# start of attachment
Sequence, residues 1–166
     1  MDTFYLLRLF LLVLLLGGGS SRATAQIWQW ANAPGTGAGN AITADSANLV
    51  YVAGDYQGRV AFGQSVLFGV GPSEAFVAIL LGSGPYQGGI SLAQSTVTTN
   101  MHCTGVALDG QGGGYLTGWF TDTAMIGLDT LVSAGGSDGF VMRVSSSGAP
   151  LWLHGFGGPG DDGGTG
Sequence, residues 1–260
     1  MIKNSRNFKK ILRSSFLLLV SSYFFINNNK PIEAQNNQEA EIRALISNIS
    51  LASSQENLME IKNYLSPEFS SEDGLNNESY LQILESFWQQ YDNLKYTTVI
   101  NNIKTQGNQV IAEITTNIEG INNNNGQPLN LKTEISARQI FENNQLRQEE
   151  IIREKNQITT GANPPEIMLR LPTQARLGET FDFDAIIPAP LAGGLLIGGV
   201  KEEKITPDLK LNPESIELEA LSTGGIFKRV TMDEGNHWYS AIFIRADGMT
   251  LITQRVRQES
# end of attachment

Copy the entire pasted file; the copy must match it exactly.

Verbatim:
Sequence, residues 1–166
     1  MDTFYLLRLF LLVLLLGGGS SRATAQIWQW ANAPGTGAGN AITADSANLV
    51  YVAGDYQGRV AFGQSVLFGV GPSEAFVAIL LGSGPYQGGI SLAQSTVTTN
   101  MHCTGVALDG QGGGYLTGWF TDTAMIGLDT LVSAGGSDGF VMRVSSSGAP
   151  LWLHGFGGPG DDGGTG
Sequence, residues 1–260
     1  MIKNSRNFKK ILRSSFLLLV SSYFFINNNK PIEAQNNQEA EIRALISNIS
    51  LASSQENLME IKNYLSPEFS SEDGLNNESY LQILESFWQQ YDNLKYTTVI
   101  NNIKTQGNQV IAEITTNIEG INNNNGQPLN LKTEISARQI FENNQLRQEE
   151  IIREKNQITT GANPPEIMLR LPTQARLGET FDFDAIIPAP LAGGLLIGGV
   201  KEEKITPDLK LNPESIELEA LSTGGIFKRV TMDEGNHWYS AIFIRADGMT
   251  LITQRVRQES